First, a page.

A measure that responds to political ambitions is always counterproductive. And that’s what the withdrawal of nationality for binational terrorists is. As Marine Le Pen’s National Front saw unprecedented success during the first round of December’s regional elections, the socialist government is trying to regain electors 16 months before the presidential elections. Including measures that right-leaning political parties have been advocating would help avoid the government’s constitution revision project’s rejection by the Parliament, a failure the socialist party should avoid.
Withdrawing the nationality to binational terrorists will have no consequence on the issue of radicalization concerning hundreds of young people from different backgrounds taking up arms against their own country. Such a measure is particularly discriminatory, as it would make the punitive system unequal by treating French people differently according to their nationality and origins. ‘Liberté, Egalité, Fraternité’ says the famous French motto. I believe in these values. France is a country rich in history, a glorious history during which it has always defended human rights and their application throughout the world.
However, the solution to the phenomenon of radicalization isn’t about being able to withdraw the citizenship of the perpetrators of such attacks when they hold two nationalities. This makes of bi-nationals second class citizens, while the French citizenship code makes it clear that French citizenship can either be acquired jus sanguinis (right of blood) or jus soli (right of the soil), with no distinction between French citizens. Such a constitutional revision project should include measures to help foster national unity, rather than dividing it. Francois Hollande himself had declared in 2010 while a Member of Parliament that the intention of former President Sarkozy to withdraw French nationality to bi-nationals convicted of criminal acts towards French officers was not the best way to protect French citizens, and was even intrusive to the French ‘republican tradition’.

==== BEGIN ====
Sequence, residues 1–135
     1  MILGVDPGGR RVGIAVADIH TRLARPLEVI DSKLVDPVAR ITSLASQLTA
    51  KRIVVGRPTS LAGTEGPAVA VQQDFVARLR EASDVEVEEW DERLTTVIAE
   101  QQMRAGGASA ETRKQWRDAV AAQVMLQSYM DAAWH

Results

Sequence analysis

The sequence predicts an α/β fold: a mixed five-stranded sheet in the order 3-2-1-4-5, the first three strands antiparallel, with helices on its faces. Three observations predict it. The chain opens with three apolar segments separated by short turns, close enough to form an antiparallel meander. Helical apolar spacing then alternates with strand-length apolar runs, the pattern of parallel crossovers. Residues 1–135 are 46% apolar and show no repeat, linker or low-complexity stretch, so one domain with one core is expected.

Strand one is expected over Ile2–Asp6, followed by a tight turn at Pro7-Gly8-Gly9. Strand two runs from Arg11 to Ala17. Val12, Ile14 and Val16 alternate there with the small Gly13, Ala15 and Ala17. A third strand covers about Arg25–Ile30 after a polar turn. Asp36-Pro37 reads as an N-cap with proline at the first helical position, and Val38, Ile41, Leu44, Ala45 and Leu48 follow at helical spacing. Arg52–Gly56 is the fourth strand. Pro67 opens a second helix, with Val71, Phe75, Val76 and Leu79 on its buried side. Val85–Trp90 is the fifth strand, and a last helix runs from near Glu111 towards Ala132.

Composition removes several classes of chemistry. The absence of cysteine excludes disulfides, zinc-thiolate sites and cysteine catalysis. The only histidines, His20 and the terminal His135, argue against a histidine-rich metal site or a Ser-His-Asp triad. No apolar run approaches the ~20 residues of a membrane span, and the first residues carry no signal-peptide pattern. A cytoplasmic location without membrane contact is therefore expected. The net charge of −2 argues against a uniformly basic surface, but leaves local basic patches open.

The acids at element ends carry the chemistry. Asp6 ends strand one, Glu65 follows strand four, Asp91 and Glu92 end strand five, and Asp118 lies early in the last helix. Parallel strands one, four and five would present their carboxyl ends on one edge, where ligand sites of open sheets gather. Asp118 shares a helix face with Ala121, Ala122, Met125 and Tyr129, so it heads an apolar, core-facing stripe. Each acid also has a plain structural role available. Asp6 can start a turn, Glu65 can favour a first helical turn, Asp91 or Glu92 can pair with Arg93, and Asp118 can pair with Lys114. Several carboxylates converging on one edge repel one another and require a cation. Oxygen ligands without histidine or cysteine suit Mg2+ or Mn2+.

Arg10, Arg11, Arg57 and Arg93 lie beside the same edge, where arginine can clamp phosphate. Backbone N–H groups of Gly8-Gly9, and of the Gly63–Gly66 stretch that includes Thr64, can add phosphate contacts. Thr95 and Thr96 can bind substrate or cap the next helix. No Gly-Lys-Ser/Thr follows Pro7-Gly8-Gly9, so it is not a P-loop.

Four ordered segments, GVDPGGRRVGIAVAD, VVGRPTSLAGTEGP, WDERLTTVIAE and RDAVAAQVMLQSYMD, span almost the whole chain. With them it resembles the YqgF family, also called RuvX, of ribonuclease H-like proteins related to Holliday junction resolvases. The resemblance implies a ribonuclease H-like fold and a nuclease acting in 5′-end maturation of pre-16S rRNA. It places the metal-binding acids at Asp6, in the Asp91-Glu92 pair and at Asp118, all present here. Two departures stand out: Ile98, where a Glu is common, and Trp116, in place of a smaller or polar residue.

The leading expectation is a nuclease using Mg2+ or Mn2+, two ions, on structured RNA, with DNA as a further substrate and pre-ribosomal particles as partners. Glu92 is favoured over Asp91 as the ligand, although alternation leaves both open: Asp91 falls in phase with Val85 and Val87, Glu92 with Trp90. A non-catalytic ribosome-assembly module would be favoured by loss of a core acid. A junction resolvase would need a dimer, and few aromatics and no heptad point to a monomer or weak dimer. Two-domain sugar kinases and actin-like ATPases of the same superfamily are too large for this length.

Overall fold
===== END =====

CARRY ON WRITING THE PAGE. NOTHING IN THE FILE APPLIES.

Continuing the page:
Apart from showing the inability of the government to propose concrete solutions to the problem of radicalization, this measure also demonstrates the desire of disempowerment of the French government from that phenomenon. Withdrawing French citizenship to bi-national terrorists is denying their belonging to the French nation where they were born, where they grew up, and where they sympathized with extremist ideas. France just can’t get rid of part its terrorists by sending them to another country, in no way responsible for who these people became.